The primary goal of this program of research is to extend our understanding of the role that stressful life events and personality characteristics play in susceptibility to infectious agents. The work includes a replication of our earlier work showing a dose-response relation between psychological stress and illness susceptibility, but also extends this work by attempting to identify (a) the objective characteristics of stressful life events that place people at risk for infectious disease; (b) the temporal relations between life event occurrence and increased susceptibility; (c) the psychological, behavioral, and biological pathways linking life events to illness susceptibility; and (d) the role of personality characteristics in directly influencing disease susceptibility or in moderating stressor-susceptibility relations. To accomplish these goals we use a unique human upper respiratory disease model that allows us the ability to experimentally control exposure to a virus and to monitor the development of both infection and clinical illness. We expect that evidence from this study will provide strong clues as to the psychosocial, endocrine, and immune characteristics that play a role in susceptibility to HIV infection and in triggering the onset of AIDS among HIV-infected persons. Over a three year period, 300 healthy volunteers will participate in this prospective study. Prior to viral-challenge subjects will complete psychological, neuroendocrine, immunological, and health practice assessments. Most of these measures will be assessed twice with a 7 day interval to assure reliable characterization of subject status. Psychological measures include a semi-structured life events interview, a life events check list, a perceived stress questionnaire, measures of state and trait affectivity, and of the """"""""big"""""""" five factors that are thought to represent the totality of personality. Neuroendocrine measures include 24-hour urine catecholamines and cortisol. Immune measures include natural killer cell numbers and activity and lymphocyte production of interferon-alpha and -gamma. Finally health practice measures include assessments of smoking status and rate, alcohol consumption, diet, exercise, and sleep quality. After the assessment procedure is completed, subjects will be exposed by nasal drops to one of two rhinoviruses, quarantined and monitored for infection and symptoms for six days. We collect symptom interviews, nasal washings for detection of viral shedding, and objective measures of pathophysiology (temperature, mucus weights, nasal clearance, nasal congestion, presence of inflammatory mediators) before viral-challenge and on each of the 6 days after challenge. The primary outcomes in the study are infection (virus shedding or increase in viral-specific antibody) and clinical illness (infection + clinical diagnosis).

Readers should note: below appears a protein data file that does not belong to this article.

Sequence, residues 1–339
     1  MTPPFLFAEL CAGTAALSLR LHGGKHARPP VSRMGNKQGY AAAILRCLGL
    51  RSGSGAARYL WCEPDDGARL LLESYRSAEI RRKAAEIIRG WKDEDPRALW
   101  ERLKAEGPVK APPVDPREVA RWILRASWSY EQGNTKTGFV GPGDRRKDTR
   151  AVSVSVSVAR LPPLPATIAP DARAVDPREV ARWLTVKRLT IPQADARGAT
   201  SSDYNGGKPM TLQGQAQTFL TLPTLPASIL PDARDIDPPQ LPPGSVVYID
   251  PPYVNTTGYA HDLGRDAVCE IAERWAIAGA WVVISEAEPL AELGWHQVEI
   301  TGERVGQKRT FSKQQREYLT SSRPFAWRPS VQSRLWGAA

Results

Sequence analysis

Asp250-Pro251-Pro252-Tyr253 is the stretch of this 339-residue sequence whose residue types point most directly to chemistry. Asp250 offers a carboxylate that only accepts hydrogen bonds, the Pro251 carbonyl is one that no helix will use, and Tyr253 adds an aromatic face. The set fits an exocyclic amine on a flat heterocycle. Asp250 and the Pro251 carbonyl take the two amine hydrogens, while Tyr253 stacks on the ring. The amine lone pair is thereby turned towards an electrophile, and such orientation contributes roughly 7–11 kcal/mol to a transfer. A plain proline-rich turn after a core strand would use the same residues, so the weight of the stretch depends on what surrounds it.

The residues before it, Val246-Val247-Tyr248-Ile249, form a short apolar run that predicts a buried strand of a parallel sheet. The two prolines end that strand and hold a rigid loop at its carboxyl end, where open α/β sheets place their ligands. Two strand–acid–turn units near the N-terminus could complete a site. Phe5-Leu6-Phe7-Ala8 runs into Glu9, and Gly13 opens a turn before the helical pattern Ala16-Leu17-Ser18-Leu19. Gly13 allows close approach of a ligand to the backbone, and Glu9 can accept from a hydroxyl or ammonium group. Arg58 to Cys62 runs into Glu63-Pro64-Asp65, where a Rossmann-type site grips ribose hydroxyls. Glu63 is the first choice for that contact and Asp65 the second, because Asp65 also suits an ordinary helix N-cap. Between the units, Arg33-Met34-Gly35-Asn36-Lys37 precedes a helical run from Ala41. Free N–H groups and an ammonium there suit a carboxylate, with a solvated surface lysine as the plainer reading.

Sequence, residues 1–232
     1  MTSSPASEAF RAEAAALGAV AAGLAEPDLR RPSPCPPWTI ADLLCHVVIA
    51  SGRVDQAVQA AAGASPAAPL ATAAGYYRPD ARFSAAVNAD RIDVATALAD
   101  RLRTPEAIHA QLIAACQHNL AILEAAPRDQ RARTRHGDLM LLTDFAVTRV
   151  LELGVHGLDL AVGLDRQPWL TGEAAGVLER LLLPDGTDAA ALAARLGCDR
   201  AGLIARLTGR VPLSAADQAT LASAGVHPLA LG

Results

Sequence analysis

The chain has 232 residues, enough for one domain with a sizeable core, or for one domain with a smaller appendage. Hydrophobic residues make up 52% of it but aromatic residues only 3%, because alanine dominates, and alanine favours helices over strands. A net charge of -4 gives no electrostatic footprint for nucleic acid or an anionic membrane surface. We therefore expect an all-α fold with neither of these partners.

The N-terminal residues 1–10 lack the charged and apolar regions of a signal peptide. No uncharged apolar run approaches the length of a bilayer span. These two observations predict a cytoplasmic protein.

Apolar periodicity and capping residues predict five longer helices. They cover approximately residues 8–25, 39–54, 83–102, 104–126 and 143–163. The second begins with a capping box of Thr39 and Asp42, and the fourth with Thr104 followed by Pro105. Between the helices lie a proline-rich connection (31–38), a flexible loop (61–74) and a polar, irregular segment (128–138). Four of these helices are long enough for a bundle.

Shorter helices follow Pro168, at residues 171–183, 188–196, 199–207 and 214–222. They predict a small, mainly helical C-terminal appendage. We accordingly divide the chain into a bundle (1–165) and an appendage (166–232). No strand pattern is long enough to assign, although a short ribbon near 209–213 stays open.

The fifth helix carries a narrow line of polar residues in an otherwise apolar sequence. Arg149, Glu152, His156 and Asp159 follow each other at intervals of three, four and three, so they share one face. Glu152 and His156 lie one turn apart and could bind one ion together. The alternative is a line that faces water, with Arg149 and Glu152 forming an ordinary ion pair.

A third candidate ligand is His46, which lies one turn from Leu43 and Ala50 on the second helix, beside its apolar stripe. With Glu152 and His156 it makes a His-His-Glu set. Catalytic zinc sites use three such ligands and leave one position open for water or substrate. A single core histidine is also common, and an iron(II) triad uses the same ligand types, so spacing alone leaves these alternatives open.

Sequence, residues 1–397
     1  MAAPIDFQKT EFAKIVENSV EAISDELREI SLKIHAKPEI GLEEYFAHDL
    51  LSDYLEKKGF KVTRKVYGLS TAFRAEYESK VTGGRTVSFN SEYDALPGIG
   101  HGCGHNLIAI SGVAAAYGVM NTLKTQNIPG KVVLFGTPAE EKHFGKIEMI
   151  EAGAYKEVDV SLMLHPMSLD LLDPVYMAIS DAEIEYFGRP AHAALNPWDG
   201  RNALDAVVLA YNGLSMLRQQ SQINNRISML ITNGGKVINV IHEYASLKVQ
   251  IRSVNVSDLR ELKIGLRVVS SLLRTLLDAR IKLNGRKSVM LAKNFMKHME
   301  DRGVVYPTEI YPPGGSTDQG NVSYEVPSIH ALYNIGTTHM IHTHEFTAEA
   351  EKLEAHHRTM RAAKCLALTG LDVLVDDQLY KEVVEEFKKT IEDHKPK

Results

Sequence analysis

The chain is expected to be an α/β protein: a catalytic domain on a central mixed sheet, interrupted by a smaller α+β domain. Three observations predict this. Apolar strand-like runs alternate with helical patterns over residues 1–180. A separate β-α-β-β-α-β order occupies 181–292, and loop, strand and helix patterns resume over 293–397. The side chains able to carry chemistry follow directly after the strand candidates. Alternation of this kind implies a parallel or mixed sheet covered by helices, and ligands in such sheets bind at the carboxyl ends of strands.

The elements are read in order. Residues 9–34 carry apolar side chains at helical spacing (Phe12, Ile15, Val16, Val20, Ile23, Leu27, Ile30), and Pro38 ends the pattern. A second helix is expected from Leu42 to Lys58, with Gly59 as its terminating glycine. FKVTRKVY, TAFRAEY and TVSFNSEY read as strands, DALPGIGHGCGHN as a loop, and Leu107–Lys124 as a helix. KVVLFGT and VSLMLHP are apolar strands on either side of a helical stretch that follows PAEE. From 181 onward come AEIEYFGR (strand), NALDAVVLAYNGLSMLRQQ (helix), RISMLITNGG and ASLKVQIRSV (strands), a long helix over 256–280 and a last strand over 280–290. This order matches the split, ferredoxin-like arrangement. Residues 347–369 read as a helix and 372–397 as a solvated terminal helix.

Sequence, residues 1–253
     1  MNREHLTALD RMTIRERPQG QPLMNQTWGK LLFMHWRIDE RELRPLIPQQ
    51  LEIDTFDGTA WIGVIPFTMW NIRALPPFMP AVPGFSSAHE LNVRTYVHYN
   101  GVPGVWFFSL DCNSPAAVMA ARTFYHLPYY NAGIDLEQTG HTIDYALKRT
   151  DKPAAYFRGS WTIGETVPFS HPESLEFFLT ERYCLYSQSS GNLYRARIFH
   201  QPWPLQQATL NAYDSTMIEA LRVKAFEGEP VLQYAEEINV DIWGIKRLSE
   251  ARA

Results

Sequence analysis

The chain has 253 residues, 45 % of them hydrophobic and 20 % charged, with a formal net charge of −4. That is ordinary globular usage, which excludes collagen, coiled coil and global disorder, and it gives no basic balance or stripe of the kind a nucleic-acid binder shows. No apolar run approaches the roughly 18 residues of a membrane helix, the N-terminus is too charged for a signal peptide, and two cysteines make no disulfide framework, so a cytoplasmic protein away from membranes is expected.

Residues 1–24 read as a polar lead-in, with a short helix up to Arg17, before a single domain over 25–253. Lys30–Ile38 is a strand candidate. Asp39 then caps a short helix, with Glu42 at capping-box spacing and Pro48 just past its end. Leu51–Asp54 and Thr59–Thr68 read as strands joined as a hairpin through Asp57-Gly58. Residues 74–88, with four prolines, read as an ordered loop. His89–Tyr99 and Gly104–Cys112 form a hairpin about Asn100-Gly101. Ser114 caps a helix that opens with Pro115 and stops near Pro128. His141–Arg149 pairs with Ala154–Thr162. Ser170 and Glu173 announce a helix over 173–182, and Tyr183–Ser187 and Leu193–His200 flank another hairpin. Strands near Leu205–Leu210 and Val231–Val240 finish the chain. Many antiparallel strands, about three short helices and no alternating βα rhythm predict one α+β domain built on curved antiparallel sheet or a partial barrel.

National Institute of Health (NIH)
National Institute of Mental Health (NIMH)
Research Project (R01)
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Psychobiological, Biological, and Neurosciences Subcommittee (MHAI)
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Mellon Pitts Corporation (Mpc Corp)
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Janicki-Deverts, Denise; Cohen, Sheldon; Turner, Ronald B et al. (2016) Basal salivary cortisol secretion and susceptibility to upper respiratory infection. Brain Behav Immun 53:255-261
Sneed, Rodlescia S; Cohen, Sheldon; Turner, Ronald B et al. (2012) Parenthood and host resistance to the common cold. Psychosom Med 74:567-73
Doyle, William J; Gentile, Deborah A; Cohen, Sheldon (2006) Emotional style, nasal cytokines, and illness expression after experimental rhinovirus exposure. Brain Behav Immun 20:175-81
Cohen, Sheldon (2005) Keynote Presentation at the Eight International Congress of Behavioral Medicine: the Pittsburgh common cold studies: psychosocial predictors of susceptibility to respiratory infectious illness. Int J Behav Med 12:123-31
Polk, Deborah E; Cohen, Sheldon; Doyle, William J et al. (2005) State and trait affect as predictors of salivary cortisol in healthy adults. Psychoneuroendocrinology 30:261-72
Cohen, Sheldon; Doyle, William J; Turner, Ronald B et al. (2004) Childhood socioeconomic status and host resistance to infectious illness in adulthood. Psychosom Med 66:553-8
Cohen, Sheldon (2004) Social relationships and health. Am Psychol 59:676-84
Cohen, Sheldon; Doyle, William J; Turner, Ronald B et al. (2003) Emotional style and susceptibility to the common cold. Psychosom Med 65:652-7
Krahnke, Jason S; Gentile, Deborah A; Cordoro, Kelly M et al. (2003) Comparison of subject-reported allergy versus skin test results in a common cold trial. Am J Rhinol 17:159-62
Cohen, Sheldon; Doyle, William J; Turner, Ronald et al. (2003) Sociability and susceptibility to the common cold. Psychol Sci 14:389-95

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